Will you try to plea-bargain my case?

Our first goal is to always try and get your case dropped altogether. If that is not possible, we have two options to pursue. Either we will agree to a negotiated resolution – a plea bargain, or it will go to trial. In some cases there is no decision to make – the prosecutor will make no offer. In cases where a plea is offered, the defendant and his or her attorney must thoroughly weigh the costs and benefits of a plea. Presently, prosecutors are more apt to offer a plea that involves sexual registration. The seriousness of being labeled as a sex offender cannot be overstated. Therefore, extreme consideration must be given to such a plea bargain, even if it does not involve jail time. Should you hire PDG, Attorney Tom Pavlinic will help you make such a decision should you be offered a plea. In some cases, rejecting the first plea offer will lead to a better offer later on. If a suitable plea is not offered, we will happily proceed to trial to defend your freedom and good name.

What happens at trial?

In a trial, the two opposing sides come together to dispute present information (in the form of evidence) in a formal setting, usually a court, before a judge, jury, or other designated finder of fact, in order to achieve a resolution to their dispute.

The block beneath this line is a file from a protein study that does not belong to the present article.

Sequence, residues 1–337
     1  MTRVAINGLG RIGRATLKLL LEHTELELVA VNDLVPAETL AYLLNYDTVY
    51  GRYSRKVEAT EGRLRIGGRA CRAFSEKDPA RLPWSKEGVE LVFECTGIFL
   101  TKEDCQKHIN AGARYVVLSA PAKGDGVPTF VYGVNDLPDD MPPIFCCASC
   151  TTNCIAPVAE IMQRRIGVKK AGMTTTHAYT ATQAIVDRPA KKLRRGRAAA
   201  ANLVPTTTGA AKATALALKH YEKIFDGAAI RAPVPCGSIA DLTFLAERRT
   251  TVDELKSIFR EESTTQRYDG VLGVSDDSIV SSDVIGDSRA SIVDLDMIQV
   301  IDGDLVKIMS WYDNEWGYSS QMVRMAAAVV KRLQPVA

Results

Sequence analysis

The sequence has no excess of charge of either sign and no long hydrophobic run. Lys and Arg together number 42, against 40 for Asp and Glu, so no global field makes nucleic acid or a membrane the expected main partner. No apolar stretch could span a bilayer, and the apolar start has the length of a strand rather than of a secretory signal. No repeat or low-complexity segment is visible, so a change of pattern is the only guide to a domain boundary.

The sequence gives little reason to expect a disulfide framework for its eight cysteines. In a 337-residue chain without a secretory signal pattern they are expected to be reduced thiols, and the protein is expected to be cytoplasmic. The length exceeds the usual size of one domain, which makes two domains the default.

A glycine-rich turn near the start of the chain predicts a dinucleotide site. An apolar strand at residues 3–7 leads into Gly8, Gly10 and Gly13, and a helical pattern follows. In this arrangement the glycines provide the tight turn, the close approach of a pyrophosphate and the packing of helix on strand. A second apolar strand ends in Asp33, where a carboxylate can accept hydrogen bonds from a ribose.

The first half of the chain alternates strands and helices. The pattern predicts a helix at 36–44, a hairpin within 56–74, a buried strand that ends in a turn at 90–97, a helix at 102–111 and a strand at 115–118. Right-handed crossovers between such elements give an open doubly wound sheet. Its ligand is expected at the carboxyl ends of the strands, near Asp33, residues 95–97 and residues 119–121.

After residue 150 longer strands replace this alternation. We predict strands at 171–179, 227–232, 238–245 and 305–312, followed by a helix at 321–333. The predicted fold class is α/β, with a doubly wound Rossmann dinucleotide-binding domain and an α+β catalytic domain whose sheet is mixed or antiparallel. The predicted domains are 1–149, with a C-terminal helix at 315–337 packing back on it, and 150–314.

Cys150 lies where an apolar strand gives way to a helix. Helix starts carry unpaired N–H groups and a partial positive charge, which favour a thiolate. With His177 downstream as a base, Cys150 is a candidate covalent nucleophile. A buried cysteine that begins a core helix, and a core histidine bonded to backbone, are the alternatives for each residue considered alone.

Each party is entitled to an opening statement by his/her attorney. After the opening statements, the evidence of the case is presented first by the prosecution. The defense then presents its evidence. Then the prosecution and defense are allowed to present a rebuttal to each other’s arguments. At the conclusion of the presentation of all evidence, each attorney may make a final argument.

If it is a jury trial, the jury retires to the jury room and discusses the facts of the case. They will then come to a conclusion and present their decision to the judge. If there is no jury, the judge will determine legal issues and make a judgment. What happens at sentencing? During sentencing, the judge decides a punishment or sentence the accused must undergo. The sentence generally involves a decree of imprisonment, a fine and/or other punishments.

Are there possible consequences beyond a sentence to custody time or a fine?

There could be possible consequences beyond a sentence. Possible consequences include but are not limited to the following:

  • Loss of the right to vote
  • Loss of the right to possess a firearm
  • Loss of the right to associate with known criminals
  • Sex offender registration
  • Geographical restrictions
  • Augmented penalties for future convictions